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Help Children in Crisis
Children are the most vulnerable when violence, famine, or disaster strikes. But you can be there for them with your additional pledge of $7 per month!

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Empowering Parents to Care for Children with Disabilities

Meet Wilmel

I want you to meet Wilmel. He lives in the Dominican Republic, in a community where Food for the Hungry (FH) works. And like most little boys his age, Wilmel is a ball of energy and contagious joy. His bright smile changes into intent concentration when he focuses on a task. He has a vibrant personality, and he’s described as showing an eagerness and excitement to learn. 
However, Wilmel is also vulnerable. Wilmel lives with physical disabilities that limit his ability to perform actions as simple as using eating utensils to feed himself. Children with disabilities are often victims of violence, abuse, exploitation, and neglect. So when we think about ending poverty, we have to consider how those will disabilities remain stuck in poverty because of their physical, mental, or intellectual abilities. And how their stories are often overlooked or forgotten.
FH never views the vulnerable according to what they lack. Instead, we know that everyone has gifts and something to give. We look for the number of ways that the vulnerable, including children and adults with disabilities, already contribute to their families and communities. We affirm their human dignity. And we help them overcome challenges. Many people families struggle to access the knowledge, services, and resources that help children grow up healthy and capable. How can we change that?

How FH Is Helping Children with Disabilities in the Dominican Republic

Wilmel’s family knows FH, and his mother is even a mother leader in the community. Bethany, a registered nurse and intern at FH/Dominican Republic, told me that knowing and working alongside Wilmel and his family is a privilege. And even though Wilmel has physical disabilities, his family has ordinary needs and dreams. Wilmel’s mother works hard for her children to have healthy diets and good nutrition. She makes sure that her family uses safe hygiene practices. But in addition to that, their families faces extra challenges.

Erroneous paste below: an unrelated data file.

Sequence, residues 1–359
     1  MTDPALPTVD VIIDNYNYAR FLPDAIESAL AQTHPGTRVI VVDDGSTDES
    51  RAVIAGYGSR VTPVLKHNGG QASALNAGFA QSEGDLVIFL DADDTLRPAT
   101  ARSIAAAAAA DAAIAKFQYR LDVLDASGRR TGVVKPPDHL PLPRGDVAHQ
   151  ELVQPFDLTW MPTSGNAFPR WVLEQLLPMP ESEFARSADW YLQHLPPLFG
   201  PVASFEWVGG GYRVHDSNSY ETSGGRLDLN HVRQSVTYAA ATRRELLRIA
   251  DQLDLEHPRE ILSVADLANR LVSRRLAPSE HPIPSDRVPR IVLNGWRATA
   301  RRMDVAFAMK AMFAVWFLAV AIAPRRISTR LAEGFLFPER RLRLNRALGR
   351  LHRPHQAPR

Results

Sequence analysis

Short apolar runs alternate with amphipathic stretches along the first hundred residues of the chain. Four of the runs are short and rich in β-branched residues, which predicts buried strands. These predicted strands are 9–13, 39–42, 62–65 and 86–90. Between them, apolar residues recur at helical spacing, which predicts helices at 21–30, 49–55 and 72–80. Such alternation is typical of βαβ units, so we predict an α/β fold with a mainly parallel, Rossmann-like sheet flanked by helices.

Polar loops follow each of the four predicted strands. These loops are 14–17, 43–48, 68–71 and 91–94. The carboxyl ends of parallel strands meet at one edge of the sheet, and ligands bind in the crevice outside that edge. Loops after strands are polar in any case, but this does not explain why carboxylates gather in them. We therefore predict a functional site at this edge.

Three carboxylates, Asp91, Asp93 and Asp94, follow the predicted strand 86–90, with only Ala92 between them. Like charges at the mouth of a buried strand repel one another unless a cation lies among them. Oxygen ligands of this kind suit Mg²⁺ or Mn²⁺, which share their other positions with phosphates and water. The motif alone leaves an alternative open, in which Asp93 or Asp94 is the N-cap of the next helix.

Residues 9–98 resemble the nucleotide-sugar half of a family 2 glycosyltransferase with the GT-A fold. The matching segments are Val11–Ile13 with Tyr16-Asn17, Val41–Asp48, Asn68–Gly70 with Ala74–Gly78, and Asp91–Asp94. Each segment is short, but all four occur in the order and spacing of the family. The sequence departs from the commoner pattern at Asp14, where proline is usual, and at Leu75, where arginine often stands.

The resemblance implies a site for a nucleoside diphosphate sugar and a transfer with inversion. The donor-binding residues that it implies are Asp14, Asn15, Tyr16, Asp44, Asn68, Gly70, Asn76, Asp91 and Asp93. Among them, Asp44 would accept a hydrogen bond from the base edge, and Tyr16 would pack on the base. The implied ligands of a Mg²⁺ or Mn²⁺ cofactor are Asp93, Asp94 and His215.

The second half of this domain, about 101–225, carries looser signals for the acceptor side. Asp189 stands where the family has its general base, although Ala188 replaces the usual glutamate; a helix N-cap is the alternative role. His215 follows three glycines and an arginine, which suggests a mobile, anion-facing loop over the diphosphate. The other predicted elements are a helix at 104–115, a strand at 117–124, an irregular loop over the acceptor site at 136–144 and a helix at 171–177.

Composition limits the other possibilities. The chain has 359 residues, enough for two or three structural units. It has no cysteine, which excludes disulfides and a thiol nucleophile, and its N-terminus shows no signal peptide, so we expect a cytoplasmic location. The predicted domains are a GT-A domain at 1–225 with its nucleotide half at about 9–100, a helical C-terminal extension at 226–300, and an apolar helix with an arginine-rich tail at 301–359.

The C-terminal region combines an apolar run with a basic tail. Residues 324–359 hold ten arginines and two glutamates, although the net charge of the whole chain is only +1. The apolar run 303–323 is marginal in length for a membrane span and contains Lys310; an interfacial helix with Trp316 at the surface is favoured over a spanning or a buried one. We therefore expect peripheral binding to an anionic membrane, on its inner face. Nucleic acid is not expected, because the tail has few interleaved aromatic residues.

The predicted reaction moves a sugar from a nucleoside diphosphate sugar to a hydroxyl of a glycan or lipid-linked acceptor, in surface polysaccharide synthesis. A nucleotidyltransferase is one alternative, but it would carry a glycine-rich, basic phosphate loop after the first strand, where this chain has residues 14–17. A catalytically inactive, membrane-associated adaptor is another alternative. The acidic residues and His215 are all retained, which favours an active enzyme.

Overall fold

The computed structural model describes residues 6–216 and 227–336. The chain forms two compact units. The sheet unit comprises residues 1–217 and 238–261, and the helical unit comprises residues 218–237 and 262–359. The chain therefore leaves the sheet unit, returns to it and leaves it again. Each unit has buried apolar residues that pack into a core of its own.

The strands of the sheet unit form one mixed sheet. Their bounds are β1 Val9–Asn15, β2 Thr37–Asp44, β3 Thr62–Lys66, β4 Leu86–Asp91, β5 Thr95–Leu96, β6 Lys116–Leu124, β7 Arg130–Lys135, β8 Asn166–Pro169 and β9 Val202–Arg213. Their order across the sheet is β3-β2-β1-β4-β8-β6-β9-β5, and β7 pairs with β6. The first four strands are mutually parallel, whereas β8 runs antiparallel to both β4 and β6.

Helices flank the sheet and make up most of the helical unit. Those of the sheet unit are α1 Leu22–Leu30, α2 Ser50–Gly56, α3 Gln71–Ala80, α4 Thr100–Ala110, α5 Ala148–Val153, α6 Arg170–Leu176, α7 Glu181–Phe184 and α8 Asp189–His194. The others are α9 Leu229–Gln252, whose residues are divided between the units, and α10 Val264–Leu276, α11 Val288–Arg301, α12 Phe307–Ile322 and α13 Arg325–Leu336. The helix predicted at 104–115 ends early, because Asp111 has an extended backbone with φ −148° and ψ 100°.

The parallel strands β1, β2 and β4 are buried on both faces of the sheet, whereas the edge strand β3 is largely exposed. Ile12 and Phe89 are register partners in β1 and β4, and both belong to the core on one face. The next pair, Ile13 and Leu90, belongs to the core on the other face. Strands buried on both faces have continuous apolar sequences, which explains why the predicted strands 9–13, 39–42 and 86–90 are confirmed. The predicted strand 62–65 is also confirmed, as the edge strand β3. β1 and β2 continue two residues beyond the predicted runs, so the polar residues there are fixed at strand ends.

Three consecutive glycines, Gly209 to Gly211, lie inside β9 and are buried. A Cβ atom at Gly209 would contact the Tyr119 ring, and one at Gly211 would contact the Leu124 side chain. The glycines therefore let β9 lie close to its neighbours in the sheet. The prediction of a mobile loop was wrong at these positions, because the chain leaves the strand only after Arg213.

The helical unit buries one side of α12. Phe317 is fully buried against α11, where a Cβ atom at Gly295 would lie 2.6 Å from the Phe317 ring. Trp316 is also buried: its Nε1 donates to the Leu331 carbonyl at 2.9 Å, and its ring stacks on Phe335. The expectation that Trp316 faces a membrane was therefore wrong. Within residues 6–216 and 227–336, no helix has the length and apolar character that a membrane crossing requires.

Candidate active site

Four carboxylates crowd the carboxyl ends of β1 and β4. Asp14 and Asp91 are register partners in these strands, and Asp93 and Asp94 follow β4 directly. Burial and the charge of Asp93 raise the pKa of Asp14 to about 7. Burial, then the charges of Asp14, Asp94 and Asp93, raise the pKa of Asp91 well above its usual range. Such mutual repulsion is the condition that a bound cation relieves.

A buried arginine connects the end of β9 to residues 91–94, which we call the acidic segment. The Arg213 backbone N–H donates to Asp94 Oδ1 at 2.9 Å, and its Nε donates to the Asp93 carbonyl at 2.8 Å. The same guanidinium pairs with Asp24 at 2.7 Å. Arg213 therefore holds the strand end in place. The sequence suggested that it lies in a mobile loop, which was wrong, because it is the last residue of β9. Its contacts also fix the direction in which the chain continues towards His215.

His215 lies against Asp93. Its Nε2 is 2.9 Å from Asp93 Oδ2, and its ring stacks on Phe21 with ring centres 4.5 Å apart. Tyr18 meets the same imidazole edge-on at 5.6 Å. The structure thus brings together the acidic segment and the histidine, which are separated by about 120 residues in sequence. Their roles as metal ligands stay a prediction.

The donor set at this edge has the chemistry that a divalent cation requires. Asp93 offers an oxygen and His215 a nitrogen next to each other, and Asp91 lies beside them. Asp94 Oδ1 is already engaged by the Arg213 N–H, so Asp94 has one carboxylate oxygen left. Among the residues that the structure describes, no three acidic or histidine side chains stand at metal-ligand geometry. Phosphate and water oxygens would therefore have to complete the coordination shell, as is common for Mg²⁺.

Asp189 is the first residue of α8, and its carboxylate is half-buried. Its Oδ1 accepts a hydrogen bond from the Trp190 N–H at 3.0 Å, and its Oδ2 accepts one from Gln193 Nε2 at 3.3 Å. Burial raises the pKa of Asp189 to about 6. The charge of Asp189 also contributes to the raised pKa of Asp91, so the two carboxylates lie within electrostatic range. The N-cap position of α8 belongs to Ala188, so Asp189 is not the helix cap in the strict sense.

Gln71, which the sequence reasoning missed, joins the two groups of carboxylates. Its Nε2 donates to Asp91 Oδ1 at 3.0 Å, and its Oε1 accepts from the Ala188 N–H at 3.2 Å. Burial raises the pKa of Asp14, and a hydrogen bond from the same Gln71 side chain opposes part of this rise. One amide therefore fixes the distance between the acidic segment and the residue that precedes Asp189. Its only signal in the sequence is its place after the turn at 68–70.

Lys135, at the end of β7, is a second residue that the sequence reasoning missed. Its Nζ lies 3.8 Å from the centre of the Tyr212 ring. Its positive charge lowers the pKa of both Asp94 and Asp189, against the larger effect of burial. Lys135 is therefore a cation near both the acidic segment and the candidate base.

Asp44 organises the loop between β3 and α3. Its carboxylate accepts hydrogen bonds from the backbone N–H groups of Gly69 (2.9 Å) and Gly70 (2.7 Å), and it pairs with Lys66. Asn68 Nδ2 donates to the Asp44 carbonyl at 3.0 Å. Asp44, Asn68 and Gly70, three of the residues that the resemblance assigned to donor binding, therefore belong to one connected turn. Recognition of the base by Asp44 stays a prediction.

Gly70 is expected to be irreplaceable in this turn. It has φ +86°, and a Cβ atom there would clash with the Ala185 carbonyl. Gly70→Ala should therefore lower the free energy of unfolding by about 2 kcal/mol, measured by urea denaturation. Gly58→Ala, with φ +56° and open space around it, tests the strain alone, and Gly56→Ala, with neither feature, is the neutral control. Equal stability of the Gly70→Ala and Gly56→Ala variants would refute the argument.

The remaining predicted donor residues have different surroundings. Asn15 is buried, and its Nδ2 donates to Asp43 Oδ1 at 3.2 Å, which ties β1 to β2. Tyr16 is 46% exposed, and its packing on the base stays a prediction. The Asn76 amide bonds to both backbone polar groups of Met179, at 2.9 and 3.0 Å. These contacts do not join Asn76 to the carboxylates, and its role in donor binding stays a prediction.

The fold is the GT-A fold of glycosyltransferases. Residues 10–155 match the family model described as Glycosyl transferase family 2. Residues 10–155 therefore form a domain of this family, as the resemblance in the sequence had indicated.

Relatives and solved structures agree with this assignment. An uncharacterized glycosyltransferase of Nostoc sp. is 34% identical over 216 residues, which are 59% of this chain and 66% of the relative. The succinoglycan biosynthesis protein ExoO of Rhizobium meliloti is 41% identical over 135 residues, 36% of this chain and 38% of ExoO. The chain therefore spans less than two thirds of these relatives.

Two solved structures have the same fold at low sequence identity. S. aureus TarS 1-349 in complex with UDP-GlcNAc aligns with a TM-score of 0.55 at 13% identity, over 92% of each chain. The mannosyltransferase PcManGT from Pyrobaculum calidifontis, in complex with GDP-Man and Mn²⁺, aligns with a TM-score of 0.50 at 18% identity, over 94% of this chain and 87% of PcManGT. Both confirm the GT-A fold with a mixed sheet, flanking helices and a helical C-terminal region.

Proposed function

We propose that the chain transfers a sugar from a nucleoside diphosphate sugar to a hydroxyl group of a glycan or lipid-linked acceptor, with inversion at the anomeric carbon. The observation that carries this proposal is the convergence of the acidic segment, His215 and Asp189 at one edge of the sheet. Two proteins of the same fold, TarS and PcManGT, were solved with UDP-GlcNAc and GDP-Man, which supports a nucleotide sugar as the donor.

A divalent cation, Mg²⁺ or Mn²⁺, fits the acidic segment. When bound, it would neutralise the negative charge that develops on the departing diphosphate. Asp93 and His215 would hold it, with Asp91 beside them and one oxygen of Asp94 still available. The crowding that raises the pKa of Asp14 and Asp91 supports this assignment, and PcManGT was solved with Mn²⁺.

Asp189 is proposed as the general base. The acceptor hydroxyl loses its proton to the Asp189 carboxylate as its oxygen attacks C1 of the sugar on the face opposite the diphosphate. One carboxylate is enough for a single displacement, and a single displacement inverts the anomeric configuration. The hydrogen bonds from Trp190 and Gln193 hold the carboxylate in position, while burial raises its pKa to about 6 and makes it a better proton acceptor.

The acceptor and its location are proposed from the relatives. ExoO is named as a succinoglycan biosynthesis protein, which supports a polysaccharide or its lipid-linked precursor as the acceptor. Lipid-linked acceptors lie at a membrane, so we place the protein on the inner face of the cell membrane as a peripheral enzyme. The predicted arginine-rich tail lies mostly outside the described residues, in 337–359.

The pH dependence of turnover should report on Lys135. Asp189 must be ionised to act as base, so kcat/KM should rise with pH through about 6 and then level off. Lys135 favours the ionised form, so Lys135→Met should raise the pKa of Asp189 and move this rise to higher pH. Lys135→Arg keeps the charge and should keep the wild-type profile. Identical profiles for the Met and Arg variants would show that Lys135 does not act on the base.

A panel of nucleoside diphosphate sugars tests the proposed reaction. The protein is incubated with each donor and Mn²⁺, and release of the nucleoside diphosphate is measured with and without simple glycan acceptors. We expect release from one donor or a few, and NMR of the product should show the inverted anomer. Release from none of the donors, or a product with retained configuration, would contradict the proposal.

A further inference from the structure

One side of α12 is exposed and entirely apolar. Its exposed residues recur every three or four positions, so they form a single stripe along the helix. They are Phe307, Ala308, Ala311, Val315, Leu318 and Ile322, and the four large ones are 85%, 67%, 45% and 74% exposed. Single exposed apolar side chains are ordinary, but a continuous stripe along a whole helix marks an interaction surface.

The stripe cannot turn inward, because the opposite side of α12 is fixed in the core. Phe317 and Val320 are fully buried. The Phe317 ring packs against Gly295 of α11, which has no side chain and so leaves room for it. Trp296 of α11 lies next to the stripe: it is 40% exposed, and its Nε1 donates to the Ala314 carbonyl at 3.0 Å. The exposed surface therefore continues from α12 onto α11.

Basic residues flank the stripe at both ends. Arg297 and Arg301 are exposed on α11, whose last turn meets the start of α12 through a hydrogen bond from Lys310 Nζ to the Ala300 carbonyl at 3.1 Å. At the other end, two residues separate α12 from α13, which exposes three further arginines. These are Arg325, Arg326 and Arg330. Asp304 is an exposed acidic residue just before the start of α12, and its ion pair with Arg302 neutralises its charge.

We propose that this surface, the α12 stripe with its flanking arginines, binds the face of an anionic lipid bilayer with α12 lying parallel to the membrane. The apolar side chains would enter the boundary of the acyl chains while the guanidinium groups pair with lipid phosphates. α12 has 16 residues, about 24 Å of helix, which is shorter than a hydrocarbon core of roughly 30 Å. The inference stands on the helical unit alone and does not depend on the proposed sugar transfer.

A new initiative of FH/Dominican Republic wants to help fix that. It’s called the “12:13 Project.” The mission of the project based on Hebrews 12:13 is to support children with disabilities and their families. Children with disabilities frequently struggle to access to education and medical care. Or their parents don’t know how to best care for a child with physical limitations. The 12:13 Projects is helping change that. 
 
First, FH staff identify children struggling to walk, attend school, or access health care. Then FH connects their families to local health resources. The 12:13 Project helps bridge the gap that can exist between people in poverty and much-needed resources. Now, after less than a year, FH has helped nine children with disabilities in the Dominican Republic get important care.

Empowering Parents to Care for their Children 

In order to help children with disabilities, an essential part of the 12:13 Project is educating and empowering caregivers. It’s important for parents to learn basic stretches and therapy techniques. Simple exercises can help children gain more mobility, prevent stiff or contracted muscles, and improved blood circulation. But learning those techniques also enable caregivers to understand their children’s needs. Along the way, mothers and fathers gain confidence and affirmation in their ability to be good parents. 

For Wilmel, play-based activities like squeezing playdough and coloring with large crayons will help him regain use of his fingers and hands. Such simple exercises allow children with disabilities to hold objects and utensils and eventually be able to eat independently

Wilmel with his mother.

And the 12:13 Project has other goals too. FH staff want to identify and address all health needs, educate families and communities, and improve the infrastructure of the homes inhabited by children with disabilities. For a child like Wilmel, gaining the ability to eat on his own without help from his mother is a small change. But Bethany, the registered nurse intern, says that she “loves seeing progress, no matter how small” because she and FH staff celebrate the small victories.
These are small signs of hope. But it’s thrilling to see parents become better equipped to care for their children. And it’s exciting to see the most vulnerable children included in a holistic vision of community transformation

Will you make a difference in the life of a vulnerable child today? Join Food for the Hungry’s work ending poverty through child sponsorship!